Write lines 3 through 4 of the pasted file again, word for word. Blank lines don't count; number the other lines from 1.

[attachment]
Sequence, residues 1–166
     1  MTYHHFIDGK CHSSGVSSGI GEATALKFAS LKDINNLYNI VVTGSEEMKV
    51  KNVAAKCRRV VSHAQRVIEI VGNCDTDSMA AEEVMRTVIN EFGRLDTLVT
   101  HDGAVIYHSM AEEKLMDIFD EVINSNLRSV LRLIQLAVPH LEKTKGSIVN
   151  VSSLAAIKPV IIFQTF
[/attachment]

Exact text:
    51  KNVAAKCRRV VSHAQRVIEI VGNCDTDSMA AEEVMRTVIN EFGRLDTLVT
   101  HDGAVIYHSM AEEKLMDIFD EVINSNLRSV LRLIQLAVPH LEKTKGSIVN